I finished reading A Thousand Splendid Suns a few weeks ago and am working on a review for it but it is taking longer than I want. The big thing that it made me realize is that we have completely forgotten about this war. A war in which a close neighbor of mine is on the front lines of putting his life on the line.
In the book Hosseini covers 30 years of Afghan history, though it is a work of fiction he does reference many historical periods and events throughout the story. One thing that is mentioned again and again is that the warring will always come back and as we are seeing now the Taliban has made a huge shift in momentum. Even against the mightly US military:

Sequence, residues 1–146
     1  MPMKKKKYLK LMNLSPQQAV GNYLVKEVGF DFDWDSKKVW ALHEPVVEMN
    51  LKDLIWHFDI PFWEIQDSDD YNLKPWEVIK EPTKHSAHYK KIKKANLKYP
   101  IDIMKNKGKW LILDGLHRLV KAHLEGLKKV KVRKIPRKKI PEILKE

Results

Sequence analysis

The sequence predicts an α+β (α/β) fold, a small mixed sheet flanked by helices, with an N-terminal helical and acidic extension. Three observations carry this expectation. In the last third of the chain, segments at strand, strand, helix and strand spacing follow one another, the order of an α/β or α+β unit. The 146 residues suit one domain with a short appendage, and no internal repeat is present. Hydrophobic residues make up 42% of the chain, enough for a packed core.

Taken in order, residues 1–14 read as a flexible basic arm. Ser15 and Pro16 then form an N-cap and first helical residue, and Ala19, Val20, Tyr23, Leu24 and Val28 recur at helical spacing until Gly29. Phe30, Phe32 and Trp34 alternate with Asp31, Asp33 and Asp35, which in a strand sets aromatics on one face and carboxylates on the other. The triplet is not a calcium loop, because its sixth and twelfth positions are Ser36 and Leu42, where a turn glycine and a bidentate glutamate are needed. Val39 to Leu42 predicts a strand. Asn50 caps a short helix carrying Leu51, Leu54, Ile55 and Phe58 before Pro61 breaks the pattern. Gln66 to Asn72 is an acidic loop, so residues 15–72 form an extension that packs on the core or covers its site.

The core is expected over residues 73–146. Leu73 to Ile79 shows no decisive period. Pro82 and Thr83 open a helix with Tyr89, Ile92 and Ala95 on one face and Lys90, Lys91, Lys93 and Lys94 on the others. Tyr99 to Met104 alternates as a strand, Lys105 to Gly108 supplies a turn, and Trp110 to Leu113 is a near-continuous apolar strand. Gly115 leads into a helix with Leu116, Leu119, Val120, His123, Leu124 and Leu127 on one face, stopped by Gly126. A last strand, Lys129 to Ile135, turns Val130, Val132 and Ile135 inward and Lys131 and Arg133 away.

Nagl listed a catalogue of challenges in Afghanistan, including its harsh climate and terrain, its lack of centralized government in the past 30 years, the destruction of roads and other basic infrastructure, and the state of its army.
“I’ve worked with the Afghan security forces a little bit. I find them to be diligent and dedicated and trainable (but) not particularly well educated … The Iraqi security forces are far more advanced than are the Afghans,” he said.
“The Taliban did extraordinarily harmful things to the intelligentsia of the country. The people you need to run a country no longer exist.”
The last sentence there is the critical component of what we are missing and what we have left out since our intervention in the 80’s with the USSR’s war there. There is a huge vacuum with regards to education in Afghanistan. What is there to replace it is obvious: Radical Fundamentalist Islam.
Mccain’s answer is for more guns, but the need is for more books.